Walking to downtown Los Angeles from Chavez Ravine, 1947. Department of Special Collections, University of California, Los Angeles

Councilman John Roden led a delegation from Chavez Ravine to present a petition with 2,100 signatures to the board of public works, asking the city to provide more bus lines to the area. The residents of Chavez Ravine, Roden explained, had been walking for years to the nearest streetcar lines that were at least a mile away, sometimes farther. Representatives of the United States Navy also supported this request for new bus lines because naval personnel had to walk in and out of the area every day to reach the armory that was also built in Chavez Ravine.  

Homes along the hills of Chavez Ravine, ca. 1953. Department of Special Collections, University of California, Los Angeles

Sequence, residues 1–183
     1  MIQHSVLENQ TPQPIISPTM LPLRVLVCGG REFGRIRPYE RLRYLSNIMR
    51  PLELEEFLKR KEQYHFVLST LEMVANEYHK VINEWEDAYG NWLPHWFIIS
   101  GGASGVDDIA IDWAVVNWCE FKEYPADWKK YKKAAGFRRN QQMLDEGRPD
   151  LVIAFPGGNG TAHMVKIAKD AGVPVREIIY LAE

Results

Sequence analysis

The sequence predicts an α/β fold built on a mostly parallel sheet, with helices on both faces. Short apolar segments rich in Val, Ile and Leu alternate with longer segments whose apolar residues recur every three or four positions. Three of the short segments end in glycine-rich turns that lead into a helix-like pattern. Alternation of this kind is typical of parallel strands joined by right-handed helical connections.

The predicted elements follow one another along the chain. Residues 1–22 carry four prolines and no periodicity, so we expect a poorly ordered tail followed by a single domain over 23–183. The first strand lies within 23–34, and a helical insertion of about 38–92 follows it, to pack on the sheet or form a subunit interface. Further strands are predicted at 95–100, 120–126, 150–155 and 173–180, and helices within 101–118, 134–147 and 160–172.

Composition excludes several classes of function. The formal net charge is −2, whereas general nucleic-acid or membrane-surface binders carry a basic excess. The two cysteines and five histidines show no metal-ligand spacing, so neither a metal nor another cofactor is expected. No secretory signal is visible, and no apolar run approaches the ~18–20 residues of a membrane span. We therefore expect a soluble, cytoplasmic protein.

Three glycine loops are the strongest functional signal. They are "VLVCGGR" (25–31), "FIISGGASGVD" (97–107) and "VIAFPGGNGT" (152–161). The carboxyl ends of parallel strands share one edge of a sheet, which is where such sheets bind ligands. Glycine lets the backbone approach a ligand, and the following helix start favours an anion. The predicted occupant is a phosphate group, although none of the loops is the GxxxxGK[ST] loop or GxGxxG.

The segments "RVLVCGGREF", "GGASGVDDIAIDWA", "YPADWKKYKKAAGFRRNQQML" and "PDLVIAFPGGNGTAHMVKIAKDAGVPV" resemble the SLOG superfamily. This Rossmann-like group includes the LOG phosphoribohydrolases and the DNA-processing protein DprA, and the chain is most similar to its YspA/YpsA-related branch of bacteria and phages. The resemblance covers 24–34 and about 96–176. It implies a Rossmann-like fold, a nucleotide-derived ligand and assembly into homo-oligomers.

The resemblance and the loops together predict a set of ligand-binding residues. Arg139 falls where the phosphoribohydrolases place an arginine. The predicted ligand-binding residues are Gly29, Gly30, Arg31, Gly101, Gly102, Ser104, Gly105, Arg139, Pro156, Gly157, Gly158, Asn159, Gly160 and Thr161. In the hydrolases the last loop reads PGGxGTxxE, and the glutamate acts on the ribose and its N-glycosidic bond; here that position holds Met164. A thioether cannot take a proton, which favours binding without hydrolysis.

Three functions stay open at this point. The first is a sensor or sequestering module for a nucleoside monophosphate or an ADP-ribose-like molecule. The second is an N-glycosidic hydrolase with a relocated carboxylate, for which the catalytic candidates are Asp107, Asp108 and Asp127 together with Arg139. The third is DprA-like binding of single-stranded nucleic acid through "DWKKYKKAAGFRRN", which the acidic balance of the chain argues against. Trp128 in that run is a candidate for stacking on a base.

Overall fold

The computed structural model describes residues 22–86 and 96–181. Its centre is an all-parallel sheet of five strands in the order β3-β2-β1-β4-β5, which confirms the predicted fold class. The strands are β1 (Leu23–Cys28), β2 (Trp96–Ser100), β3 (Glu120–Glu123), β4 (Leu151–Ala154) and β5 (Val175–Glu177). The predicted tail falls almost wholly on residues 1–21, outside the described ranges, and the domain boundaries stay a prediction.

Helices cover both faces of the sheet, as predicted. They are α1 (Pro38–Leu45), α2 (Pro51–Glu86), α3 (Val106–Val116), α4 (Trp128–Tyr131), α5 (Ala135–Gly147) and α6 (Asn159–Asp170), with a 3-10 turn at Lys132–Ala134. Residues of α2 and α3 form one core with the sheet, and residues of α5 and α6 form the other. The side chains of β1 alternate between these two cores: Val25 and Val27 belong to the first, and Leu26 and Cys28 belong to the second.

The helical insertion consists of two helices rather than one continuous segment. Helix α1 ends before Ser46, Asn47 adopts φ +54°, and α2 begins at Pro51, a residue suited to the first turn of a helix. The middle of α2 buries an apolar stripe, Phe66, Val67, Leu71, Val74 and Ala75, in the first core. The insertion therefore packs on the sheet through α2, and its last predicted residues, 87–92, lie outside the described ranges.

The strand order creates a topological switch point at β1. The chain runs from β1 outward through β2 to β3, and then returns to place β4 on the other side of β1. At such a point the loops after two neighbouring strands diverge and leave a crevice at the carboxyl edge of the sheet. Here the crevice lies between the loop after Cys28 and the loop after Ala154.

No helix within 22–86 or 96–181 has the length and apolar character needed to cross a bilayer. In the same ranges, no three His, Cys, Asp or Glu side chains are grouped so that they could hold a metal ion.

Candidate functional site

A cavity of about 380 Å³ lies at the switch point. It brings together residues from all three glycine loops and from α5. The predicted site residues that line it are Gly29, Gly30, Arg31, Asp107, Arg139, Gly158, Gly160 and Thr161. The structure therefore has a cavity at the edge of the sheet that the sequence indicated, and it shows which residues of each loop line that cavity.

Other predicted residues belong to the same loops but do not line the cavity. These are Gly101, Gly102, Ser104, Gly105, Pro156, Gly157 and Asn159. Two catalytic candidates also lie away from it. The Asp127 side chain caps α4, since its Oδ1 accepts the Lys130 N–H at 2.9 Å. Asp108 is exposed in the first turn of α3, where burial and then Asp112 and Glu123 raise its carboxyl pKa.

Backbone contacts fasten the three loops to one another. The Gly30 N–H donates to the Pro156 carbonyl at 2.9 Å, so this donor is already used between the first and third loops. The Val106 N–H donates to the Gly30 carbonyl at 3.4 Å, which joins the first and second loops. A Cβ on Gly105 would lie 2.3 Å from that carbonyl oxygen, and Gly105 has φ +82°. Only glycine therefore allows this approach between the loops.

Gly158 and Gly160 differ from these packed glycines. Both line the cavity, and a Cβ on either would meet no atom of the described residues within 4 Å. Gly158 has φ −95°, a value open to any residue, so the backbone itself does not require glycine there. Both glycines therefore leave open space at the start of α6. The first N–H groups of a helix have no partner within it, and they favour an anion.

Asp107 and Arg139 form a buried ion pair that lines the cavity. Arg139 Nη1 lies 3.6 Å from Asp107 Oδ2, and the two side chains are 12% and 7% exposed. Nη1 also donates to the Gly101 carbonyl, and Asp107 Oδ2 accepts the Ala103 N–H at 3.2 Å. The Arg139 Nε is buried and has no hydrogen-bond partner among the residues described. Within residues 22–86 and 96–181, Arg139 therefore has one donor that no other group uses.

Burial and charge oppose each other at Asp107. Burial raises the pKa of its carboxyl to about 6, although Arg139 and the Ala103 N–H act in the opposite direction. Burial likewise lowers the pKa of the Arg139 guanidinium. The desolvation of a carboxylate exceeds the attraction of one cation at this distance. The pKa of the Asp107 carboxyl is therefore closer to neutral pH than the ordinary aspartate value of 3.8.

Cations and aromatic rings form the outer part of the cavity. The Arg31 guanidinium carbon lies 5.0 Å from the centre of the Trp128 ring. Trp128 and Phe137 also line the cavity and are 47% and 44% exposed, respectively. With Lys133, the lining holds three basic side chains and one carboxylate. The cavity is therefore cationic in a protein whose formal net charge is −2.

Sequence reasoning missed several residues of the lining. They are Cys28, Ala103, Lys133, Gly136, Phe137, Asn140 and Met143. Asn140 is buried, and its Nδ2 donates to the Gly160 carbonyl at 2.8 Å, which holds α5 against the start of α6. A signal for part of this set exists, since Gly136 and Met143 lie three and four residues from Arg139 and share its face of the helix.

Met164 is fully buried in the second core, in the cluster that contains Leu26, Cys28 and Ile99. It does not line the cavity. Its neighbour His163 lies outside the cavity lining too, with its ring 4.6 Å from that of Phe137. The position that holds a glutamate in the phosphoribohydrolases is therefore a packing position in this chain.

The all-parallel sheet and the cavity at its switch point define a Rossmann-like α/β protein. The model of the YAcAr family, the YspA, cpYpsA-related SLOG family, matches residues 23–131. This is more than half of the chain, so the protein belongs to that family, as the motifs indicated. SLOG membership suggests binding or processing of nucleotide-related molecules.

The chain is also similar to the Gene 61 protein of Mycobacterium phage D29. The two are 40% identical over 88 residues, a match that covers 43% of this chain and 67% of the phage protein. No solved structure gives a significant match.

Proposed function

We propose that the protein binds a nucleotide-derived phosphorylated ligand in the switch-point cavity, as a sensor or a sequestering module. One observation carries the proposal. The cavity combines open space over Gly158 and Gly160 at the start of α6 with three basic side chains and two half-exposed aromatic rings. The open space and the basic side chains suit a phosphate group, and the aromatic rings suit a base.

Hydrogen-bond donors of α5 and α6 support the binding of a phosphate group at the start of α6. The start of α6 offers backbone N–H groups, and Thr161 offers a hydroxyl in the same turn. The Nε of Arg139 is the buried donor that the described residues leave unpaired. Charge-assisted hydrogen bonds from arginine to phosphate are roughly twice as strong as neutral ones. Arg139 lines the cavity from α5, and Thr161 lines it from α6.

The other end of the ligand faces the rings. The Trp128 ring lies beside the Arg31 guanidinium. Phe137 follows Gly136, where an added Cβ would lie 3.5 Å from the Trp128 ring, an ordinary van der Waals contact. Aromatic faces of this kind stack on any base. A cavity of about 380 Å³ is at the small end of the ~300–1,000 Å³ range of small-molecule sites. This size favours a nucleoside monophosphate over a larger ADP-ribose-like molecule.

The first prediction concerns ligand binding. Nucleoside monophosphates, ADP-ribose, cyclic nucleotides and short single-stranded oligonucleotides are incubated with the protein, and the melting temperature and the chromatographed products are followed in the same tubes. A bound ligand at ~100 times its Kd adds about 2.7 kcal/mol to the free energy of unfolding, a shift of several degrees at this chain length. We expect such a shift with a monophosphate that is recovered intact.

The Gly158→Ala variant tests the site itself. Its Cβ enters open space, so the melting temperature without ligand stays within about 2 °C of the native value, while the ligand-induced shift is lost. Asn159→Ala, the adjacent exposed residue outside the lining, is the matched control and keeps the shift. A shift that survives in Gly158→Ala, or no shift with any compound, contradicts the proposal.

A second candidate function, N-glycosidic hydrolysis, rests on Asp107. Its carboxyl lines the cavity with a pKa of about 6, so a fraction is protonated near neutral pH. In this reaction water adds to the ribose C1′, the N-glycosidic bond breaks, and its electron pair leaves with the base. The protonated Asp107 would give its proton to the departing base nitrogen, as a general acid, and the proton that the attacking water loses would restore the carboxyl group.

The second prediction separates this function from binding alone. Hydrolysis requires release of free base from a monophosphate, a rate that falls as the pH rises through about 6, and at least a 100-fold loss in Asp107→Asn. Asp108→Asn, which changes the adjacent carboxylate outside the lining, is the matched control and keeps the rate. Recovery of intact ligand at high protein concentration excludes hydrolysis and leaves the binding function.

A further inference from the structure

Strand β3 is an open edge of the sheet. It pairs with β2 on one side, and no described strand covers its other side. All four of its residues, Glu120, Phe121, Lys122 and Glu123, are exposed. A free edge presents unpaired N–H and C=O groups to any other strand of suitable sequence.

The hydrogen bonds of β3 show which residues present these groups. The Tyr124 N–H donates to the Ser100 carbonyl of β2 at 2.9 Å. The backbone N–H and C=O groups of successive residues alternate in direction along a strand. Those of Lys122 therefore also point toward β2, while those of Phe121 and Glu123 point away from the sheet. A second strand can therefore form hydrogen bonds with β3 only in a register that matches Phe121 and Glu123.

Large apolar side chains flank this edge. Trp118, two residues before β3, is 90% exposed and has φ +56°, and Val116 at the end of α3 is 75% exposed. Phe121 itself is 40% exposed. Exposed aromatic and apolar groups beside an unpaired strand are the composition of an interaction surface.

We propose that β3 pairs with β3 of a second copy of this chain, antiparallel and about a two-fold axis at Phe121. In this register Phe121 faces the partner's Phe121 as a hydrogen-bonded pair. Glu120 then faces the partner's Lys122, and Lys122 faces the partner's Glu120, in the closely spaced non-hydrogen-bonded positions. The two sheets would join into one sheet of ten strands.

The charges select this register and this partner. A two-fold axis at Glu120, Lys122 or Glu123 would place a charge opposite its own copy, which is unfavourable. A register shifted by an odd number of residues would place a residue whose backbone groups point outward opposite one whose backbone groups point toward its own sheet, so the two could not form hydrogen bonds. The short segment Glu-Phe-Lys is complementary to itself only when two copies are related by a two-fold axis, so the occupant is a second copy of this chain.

Italian-American artist Leo Politi moved to Los Angeles in 1931, and for him, the Chavez Ravine was “a happy community where everyone knew and helped one another. At night there were lighted bonfires, and people gathered around and sang songs... In many ways, Chavez Ravine was living a life all its own. Horse drawn plows were still in use, and the hillsides were planted with corn and sugar cane... Though all this reminded one of a village in Mexico, nonetheless this was old Los Angeles with a charm all its own, a Los Angeles we will never see again.” 

Mrs. Scott is playing with her three children in Chavez Ravine, 1957. Special Collections, University of Southern California Libraries

Not all residents of Chavez Ravine were Mexican American. Several families moved there because housing was affordable, and the rural nature of the community was appealing. Others appreciated the feel of Old California within a short distance from a modern city. Religious processions through the streets during the holy days were a regular part of community that brought residents together through pageantry, color, and song. Children played together in the streets and in the surrounding hills. Trash was often burned on weekends, and teenagers would gather together to laugh, play instruments, and sing.